Standard mastbands with four eyes are pretty close to the typical five attachment points of a custom junk rig masthead fitting. With an extra line looped around the mast immediately above the fitting, prevented from sliding down by the fitting itself, I think it’ll work out fine. (This looped line will be the “mast lift,” for those who follow junk rigs more closely.) The mastband will be oriented so that the eyes are positioned on the 45° diagonals, relative to the centerline of the boat – this way one of the eyes will be at the appropriate angle for the halyard, which is the highest stress line that hauls the sail up, and for a junk rig is supposed to be at that 45° angle, somewhat off to the side.

The next questions are the particular choices, and how these mastbands will actually be secured to their respective masts. There’s a bronze band for the wooden mizzen, and a galvanized one for the aluminum mainmast. Bronze hardware and aluminum masts do not fare well together, so it’s galvanized there, and bonus, it’s more economical – but the bronze is very pretty, and I sprung for that for the smaller mizzen. On a wood mast, typically there is either a small shelf carved into the mast for the band to rest on, or small wood stops are screwed to the mast, to prevent the band from working its way down. Neither option seemed particularly exciting, because of compromising the already small-diameter wood, and as it turned out the position that would be ideal for the band is above where the band that we have would rest naturally, and below where the next smaller size would fit.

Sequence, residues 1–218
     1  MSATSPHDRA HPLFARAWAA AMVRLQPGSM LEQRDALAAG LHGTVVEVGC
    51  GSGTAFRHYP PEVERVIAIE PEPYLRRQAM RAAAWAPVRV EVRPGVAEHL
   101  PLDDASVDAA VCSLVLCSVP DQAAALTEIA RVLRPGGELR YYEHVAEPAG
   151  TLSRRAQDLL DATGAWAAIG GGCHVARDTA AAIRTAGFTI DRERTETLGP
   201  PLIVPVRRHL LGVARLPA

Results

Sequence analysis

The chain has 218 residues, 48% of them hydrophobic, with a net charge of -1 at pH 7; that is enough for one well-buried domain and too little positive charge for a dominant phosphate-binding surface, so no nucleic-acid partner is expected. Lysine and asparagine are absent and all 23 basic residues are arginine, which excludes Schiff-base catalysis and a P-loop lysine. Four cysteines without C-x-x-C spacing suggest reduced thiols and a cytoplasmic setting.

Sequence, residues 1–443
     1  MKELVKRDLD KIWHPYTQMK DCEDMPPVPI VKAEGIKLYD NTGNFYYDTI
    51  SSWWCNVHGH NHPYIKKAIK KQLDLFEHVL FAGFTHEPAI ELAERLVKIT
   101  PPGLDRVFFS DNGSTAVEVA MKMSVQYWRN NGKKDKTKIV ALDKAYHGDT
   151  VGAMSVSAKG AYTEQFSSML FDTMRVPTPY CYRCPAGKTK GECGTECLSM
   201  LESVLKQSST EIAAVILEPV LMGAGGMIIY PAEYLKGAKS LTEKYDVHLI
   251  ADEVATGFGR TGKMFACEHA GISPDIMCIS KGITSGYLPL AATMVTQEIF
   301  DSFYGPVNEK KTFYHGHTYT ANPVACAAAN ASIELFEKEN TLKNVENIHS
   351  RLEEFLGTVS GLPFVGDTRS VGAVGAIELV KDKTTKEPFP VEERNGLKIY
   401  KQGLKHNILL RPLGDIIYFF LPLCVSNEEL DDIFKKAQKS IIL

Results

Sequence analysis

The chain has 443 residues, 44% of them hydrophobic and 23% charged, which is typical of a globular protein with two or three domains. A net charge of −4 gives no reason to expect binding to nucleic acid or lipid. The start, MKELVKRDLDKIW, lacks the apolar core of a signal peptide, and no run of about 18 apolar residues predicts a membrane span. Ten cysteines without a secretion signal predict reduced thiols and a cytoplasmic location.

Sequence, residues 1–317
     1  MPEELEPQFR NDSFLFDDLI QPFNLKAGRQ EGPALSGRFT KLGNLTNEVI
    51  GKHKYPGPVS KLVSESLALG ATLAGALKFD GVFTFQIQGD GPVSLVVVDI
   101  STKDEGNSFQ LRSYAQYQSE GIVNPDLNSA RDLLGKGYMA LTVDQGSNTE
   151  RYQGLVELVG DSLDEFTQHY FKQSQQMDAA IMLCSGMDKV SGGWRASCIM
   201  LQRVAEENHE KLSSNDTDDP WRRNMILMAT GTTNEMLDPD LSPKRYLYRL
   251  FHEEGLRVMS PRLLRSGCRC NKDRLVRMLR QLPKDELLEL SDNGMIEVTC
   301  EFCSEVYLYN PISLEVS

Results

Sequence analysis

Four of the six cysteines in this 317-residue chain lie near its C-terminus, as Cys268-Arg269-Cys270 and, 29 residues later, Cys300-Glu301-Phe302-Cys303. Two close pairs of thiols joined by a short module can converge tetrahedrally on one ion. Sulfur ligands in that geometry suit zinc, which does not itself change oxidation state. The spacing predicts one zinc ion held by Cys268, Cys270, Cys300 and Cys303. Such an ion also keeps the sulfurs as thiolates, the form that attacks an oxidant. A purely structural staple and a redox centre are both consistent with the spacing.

Here’s a photo of the mizzen sail laid on top of the mast, to help figure out the mastband placement (really, the sail goes on the other side of the mast). It’s important that when the sail is raised, the halyard attachment is a decent amount higher than where the halyard is tied to the yard. This is because of potential torque on the top of the mast when the sail is out to the side. Having a length of extra halyard between the masthead fitting and the yard prevents that torque – and potential mast damage – from happening.


Because the ideal position for the mizzen mastband is halfway between the two available band sizes, we have yet another experiment: securing the mastband is being done with small wedges made from cedar shingles, jammed up from the bottom, with top ones going down over the bottom ones wherever there are gaps. The lower wedges are seized in place with tarred nylon seine twine and trimmed, and the top ones are trimmed flush with the band and then caulked to prevent water coming in from the top.

I would’ve liked to have used dolfinite in this process – mast rot can be an issue, with everything so tight against the mast – but it seemed like it would be a hopeless mess to try to get dolfinite in there with all those shifting wedges and adjustment. So the theory here is that the caulk will prevent endless drenching from above, and the gaps between the cedar wedges will allow for drying from below. We’re hoping for the best on this, and will be paying attention to how it fares. The white caulk is a bit glaring now, but probably next year it will be time to paint the mast, and the upper part will be the traditional white, so it should all blend in.